In my next few posts I’ll share some of these Nepali examples. None are perfect (as if that were a sensible goal), and none fully challenge today’s dominant education paradigm. However, they do show how vision, dialogue, and experimentalism can make progress, even when operating within enormous constraints.

[cross-posted on Progressive Educators Network Nepal]

New beginnings in Nepal

Inaugural meeting at Hotel Vajra, Kathmandu

Inaugural meeting at Hotel Vajra, Kathmandu


The list of remarkable things about Nepal is remarkably long.

You could start with the physical: It has 8 of the 10 highest mountains in the world with elevations ranging from 66 meters to 8,848 meters above sea level. It is a biodiversity hotspot deriving from the multiple ecoregions–arctic to tropical, including mountains, hills, and savannas. There is a corresponding diversity of flora and fauna, with gorgeous butterflies and birds. There are many cultural groups and over 125 languages spoken. The architecture, the food, the music, the arts, the history, the religions, and more are fascinating. The traffic in Kathmandu is a story in itself.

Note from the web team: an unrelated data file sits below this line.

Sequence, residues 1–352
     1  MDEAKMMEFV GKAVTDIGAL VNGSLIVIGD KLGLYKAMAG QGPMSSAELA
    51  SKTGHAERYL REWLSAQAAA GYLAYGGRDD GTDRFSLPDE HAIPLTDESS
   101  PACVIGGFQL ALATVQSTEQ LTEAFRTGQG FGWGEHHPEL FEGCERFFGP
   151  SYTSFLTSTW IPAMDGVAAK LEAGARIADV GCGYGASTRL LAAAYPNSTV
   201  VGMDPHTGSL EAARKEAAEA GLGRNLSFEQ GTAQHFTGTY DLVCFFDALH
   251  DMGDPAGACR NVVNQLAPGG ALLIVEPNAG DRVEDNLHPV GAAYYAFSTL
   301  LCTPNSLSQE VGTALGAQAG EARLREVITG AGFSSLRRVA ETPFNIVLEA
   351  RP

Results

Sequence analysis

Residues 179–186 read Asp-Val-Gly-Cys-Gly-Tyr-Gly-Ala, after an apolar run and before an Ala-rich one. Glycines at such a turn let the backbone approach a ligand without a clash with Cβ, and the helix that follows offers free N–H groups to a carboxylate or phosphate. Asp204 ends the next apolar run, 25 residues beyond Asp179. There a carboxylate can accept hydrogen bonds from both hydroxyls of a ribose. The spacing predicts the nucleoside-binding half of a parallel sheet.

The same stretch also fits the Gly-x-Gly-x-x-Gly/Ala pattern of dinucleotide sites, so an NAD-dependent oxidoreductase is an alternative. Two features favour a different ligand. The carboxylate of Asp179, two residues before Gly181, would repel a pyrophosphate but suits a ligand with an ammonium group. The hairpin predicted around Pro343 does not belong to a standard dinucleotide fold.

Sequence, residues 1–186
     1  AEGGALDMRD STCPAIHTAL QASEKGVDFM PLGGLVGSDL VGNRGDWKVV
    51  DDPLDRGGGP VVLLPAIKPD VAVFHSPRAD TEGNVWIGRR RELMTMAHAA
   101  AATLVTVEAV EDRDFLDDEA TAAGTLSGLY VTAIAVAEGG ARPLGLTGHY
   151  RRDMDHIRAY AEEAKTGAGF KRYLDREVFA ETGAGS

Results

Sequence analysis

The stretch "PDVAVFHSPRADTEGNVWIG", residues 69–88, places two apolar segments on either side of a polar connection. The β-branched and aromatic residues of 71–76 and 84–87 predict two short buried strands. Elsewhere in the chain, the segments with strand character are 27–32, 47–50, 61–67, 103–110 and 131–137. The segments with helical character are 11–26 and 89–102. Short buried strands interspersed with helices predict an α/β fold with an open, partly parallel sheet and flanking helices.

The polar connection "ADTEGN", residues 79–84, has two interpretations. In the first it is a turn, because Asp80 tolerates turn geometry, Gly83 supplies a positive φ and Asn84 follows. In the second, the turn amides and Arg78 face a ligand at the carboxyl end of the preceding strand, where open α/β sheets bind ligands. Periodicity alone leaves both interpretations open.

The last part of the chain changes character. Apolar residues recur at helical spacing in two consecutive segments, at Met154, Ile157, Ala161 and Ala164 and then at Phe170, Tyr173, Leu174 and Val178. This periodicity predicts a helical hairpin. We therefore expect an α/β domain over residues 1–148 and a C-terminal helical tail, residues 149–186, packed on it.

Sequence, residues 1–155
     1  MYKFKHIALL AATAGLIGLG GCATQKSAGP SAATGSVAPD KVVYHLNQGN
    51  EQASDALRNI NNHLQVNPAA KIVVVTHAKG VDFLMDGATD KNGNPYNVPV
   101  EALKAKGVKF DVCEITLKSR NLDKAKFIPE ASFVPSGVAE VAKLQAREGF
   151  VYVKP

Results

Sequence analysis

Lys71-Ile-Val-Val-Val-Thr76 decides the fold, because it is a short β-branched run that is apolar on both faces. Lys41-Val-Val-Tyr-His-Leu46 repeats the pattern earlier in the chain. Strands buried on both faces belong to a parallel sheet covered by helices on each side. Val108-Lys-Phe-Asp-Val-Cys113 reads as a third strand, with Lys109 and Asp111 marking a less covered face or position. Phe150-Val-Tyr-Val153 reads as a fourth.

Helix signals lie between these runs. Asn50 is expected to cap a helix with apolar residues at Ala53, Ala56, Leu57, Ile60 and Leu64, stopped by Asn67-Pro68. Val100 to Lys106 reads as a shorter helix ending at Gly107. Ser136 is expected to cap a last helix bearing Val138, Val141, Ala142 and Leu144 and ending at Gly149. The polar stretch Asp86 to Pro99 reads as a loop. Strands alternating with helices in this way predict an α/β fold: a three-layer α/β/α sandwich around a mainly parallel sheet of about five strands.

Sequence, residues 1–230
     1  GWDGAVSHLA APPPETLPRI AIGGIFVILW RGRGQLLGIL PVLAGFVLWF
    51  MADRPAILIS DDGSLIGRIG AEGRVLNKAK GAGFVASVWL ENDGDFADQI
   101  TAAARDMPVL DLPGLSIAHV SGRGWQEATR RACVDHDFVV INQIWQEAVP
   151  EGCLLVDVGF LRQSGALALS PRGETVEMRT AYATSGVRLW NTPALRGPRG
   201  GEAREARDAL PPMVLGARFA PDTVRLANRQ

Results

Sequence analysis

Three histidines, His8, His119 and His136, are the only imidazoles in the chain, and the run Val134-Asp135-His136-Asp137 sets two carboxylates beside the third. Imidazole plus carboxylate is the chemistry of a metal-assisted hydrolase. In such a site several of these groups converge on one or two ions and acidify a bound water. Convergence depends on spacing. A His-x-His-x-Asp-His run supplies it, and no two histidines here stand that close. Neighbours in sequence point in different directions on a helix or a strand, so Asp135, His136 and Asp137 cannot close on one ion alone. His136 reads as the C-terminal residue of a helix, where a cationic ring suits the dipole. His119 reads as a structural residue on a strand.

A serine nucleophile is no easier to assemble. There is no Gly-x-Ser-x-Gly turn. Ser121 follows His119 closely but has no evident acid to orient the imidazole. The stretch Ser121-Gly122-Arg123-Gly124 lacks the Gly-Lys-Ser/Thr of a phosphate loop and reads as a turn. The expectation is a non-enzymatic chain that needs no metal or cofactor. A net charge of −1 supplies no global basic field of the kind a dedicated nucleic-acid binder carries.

Teach for Nepal, from the website

Teach for Nepal, from the website

However, I experienced something perhaps even more remarkable. I was fortunate to be included in a group of young Nepalis who hope to build a movement to make education in Nepal more progressive, specifically to make it more relevant to people’s lives, more connected to community, and more supportive of inquiry that leads to sustained learning and creativity.

The group has the tentative name of Progressive Educators of Nepal Network (PENN). We met last Tuesday for early morning breakfast at Hotel Vajra in Kathmandu.

King;s College events

King’s College events

Those present represented four organizations. Shisir Khanal and Swastika Shrestha came from Teach for Nepal. Like Teach for America and similar organizations, TFN engages university graduates and young professionals who are committed to reduce education inequality. They emphasize community-based education, teaching in rural, public schools. Fellows work for two years, typically living in a community and staying in a home there.

Children as innovators

Children as innovators at Karkhana

Umes Shrestha and Narottam Aryal came from King’s College, a new college whose objective is making world-class education available to Nepali youths at home at an affordable cost. King’s College seeks to make its teaching more relevant for students and more inquiry-based.

Karkhana, meaning “factory,” is a company emphasizing experimentation, collaboration, and play for both makers and teachers. It started as a Saturday morning hacker hang-out and evolved into an innovation focused company that combines education and design of new products. See for example, the recent Kathmandu Mini Maker Faire. Pauvita Gautram represented Karkhana and its inquiry-based learning approach.

KLL mapping as service learning

KLL mapping as service learning